@Ingolifs's answer to the question What was the last message to Opportunity today (13 Feb '19)? quotes ArsTechnica's Opportunity did not answer NASA’s final call, and it’s now lost to us:
Late Tuesday night, scientists at NASA's Jet Propulsion Laboratory sent their final data uplink to the Opportunity rover on Mars. Over this connection, via the Deep Space Network, the American jazz singer Billie Holiday crooned "I'll Be Seeing You," a song that closes with the lines...
To me, "Billie Holiday crooned..." suggests that a real audio recording of music was used to modulate the carrier in some way either direct AM or FM, or as digital data via more standard DSN data encoding schemes.
update: I've just read in the New York Times' NASA Rover Finally Bites the Dust on Mars After 15 Years:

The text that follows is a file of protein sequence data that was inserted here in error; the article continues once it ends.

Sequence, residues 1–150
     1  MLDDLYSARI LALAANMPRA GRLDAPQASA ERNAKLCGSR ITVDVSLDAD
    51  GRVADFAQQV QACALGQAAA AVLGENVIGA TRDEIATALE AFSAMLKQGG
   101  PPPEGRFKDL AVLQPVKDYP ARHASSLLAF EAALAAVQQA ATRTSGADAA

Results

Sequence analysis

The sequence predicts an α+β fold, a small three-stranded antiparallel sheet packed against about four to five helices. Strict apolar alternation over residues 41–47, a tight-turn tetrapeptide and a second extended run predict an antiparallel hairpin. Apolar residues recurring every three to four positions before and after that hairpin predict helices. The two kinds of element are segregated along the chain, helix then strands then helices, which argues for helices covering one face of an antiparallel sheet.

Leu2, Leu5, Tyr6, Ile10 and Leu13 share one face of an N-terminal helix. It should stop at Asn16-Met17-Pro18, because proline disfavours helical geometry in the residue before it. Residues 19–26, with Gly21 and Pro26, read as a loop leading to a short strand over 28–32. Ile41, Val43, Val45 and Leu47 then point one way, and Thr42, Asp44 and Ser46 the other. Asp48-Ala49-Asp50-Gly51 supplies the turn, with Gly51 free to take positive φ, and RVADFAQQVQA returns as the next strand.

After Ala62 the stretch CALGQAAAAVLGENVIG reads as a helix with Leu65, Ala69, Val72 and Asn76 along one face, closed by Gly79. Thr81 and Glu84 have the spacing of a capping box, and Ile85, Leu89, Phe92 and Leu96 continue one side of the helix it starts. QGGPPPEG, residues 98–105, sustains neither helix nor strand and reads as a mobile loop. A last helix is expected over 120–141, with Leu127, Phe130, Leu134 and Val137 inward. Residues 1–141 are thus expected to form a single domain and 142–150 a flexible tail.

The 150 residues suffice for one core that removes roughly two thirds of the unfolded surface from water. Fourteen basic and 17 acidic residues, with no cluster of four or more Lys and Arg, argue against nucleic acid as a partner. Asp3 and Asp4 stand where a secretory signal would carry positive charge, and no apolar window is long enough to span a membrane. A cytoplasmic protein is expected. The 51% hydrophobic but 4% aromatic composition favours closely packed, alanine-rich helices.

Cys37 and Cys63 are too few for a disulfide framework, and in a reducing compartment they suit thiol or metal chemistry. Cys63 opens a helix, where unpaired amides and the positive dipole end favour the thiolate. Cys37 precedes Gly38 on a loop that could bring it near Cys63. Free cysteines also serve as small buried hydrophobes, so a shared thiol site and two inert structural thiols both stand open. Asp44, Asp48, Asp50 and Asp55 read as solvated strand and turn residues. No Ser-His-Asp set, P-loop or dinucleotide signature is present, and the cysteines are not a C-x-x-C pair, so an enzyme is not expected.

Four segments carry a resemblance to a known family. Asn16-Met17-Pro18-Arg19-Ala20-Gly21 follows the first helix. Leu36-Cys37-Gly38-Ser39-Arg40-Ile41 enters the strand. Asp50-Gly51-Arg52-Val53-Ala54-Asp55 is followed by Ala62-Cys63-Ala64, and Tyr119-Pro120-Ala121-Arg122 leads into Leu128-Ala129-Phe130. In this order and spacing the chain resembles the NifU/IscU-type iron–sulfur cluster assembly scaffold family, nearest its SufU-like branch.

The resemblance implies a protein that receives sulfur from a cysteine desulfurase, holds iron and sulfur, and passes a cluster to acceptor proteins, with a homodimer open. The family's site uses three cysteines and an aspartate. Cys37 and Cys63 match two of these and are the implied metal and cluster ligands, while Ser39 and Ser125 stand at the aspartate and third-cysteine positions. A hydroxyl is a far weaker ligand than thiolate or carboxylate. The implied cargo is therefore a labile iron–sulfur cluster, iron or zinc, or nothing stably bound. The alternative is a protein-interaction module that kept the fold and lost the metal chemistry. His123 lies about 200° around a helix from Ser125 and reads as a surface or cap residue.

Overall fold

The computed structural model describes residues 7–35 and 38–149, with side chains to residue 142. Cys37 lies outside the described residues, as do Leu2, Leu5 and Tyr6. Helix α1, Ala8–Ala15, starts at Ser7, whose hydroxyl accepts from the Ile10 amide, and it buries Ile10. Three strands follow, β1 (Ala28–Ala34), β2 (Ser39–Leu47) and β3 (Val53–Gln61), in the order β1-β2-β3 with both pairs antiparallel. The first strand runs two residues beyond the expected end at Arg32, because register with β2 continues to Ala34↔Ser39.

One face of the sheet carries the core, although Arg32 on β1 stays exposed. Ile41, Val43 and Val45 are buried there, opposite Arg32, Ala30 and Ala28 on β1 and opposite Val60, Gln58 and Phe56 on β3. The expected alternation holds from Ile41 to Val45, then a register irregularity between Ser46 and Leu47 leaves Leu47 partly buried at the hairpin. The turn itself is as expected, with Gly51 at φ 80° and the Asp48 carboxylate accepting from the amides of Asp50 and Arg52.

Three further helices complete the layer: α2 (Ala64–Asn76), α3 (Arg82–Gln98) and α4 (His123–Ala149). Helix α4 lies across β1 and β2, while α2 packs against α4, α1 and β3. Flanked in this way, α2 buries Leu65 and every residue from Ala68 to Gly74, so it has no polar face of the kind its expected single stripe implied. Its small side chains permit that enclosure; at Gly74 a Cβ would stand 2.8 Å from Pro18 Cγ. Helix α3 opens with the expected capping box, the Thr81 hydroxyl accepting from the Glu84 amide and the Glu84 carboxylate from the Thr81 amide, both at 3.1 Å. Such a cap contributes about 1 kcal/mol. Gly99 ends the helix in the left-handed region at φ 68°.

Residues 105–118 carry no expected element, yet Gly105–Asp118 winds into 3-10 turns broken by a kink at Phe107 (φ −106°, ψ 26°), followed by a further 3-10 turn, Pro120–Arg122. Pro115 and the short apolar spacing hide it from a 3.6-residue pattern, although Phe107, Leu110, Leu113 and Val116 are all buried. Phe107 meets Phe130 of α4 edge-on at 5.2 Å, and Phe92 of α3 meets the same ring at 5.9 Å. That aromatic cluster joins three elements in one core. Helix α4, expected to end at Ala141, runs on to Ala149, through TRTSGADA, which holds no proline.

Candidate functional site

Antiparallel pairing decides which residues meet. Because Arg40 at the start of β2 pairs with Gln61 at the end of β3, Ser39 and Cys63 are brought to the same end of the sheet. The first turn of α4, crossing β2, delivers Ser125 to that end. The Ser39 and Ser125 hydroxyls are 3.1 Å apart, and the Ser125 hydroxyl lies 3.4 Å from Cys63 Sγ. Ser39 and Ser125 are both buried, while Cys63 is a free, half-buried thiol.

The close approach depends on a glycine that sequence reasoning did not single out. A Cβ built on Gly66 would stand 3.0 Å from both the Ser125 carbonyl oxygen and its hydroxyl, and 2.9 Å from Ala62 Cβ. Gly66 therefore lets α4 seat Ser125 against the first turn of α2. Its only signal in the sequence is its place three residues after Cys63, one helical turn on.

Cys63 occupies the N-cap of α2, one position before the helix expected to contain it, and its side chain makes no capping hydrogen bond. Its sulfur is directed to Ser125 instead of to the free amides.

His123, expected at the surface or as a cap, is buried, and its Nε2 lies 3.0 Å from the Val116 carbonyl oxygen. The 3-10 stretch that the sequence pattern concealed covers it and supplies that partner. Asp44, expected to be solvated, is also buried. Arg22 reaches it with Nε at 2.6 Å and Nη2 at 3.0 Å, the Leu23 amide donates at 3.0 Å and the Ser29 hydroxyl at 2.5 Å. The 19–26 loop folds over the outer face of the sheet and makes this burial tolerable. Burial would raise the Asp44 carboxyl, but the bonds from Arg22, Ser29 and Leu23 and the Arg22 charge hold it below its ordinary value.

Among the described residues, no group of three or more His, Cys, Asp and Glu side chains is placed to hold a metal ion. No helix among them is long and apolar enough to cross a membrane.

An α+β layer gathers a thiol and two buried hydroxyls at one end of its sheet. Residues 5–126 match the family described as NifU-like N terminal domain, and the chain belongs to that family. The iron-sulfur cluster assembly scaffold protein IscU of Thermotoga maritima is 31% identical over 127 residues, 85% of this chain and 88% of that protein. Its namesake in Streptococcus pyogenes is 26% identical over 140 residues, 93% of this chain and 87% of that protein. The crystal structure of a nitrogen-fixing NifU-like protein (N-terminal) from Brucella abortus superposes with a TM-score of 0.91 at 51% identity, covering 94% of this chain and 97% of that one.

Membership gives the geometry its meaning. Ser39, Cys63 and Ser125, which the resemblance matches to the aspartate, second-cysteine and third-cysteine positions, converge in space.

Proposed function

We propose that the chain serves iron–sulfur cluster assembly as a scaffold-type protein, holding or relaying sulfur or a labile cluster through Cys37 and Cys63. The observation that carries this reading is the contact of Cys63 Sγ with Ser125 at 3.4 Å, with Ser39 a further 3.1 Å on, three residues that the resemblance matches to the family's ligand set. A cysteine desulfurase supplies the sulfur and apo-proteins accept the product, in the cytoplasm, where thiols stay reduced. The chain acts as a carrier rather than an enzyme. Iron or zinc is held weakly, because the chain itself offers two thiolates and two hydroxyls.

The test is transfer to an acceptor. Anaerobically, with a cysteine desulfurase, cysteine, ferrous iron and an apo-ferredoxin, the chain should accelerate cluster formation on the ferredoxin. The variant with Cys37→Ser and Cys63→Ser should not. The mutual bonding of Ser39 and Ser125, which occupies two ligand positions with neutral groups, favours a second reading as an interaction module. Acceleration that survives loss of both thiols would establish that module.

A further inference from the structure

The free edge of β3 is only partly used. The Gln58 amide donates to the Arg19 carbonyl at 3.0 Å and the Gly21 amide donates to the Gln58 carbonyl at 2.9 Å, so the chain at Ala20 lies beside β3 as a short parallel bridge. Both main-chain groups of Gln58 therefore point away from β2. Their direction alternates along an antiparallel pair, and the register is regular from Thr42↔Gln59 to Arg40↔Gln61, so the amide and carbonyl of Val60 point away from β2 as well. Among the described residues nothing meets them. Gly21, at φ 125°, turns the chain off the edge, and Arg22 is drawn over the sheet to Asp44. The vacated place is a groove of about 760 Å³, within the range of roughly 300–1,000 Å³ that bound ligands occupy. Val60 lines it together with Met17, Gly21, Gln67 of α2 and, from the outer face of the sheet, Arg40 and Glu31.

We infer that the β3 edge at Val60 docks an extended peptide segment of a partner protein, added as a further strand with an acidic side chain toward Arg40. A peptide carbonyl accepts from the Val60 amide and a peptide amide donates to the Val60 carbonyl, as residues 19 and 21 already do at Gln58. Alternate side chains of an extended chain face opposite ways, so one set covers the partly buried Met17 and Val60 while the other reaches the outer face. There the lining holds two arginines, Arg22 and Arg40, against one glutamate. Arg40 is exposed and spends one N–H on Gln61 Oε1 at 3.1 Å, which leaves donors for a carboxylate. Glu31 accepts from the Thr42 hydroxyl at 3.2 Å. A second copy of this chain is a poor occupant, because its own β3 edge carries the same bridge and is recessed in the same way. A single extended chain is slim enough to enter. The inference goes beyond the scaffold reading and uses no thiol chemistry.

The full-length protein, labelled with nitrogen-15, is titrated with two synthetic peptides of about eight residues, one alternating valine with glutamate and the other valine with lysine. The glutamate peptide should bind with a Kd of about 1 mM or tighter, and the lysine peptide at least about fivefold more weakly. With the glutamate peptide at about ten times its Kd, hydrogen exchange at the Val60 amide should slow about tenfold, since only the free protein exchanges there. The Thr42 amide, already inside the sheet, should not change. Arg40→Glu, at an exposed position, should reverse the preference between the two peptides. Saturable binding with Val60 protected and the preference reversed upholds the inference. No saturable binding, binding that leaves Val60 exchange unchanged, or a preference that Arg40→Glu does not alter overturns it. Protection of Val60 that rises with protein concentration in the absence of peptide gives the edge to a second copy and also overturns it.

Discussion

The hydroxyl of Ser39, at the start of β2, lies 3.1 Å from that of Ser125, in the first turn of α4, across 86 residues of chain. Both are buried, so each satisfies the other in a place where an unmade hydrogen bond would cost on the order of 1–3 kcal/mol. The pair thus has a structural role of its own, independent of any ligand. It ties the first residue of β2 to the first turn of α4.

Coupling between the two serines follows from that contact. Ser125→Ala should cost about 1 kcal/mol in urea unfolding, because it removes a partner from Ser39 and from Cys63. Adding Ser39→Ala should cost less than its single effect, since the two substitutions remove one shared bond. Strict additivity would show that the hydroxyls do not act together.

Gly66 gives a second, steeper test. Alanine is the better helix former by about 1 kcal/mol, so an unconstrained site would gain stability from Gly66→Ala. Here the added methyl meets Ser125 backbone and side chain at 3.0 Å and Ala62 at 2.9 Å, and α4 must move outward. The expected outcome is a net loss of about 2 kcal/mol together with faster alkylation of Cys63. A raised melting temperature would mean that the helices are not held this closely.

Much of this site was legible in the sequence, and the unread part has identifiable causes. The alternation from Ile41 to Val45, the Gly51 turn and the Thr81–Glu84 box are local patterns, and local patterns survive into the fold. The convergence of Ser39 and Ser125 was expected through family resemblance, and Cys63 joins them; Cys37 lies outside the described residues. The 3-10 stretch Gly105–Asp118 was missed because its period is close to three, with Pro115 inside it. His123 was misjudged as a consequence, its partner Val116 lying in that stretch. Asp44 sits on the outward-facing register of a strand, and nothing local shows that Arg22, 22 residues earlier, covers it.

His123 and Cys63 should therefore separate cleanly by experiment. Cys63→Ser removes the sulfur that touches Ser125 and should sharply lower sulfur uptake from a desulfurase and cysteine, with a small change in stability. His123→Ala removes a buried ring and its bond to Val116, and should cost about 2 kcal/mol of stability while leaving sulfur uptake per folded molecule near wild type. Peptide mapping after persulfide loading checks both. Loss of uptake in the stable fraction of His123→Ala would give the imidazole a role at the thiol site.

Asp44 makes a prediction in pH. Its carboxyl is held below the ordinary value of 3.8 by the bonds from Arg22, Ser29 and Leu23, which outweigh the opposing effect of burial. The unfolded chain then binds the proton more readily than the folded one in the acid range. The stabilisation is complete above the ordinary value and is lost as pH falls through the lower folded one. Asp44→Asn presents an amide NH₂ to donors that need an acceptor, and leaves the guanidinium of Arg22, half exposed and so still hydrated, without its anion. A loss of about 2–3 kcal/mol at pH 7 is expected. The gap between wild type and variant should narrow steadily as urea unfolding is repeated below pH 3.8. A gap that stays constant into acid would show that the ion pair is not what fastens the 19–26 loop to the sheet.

Flight controllers tried numerous times to make contact, and sent one final series of recovery commands Tuesday night, along with one last wake-up song, Billie Holiday's "I'll Be Seeing You," in a somber exercise that brought tears to team members' eyes. There was no response from space, only silence.
To me, "...one last wake-up song..." suggests this is more frequent than I'd originally thought. In that case we don't need a specific number, but instead just a better understanding of How many non-crewed deep-space destinations have had intentional broadcasts of music from Earth?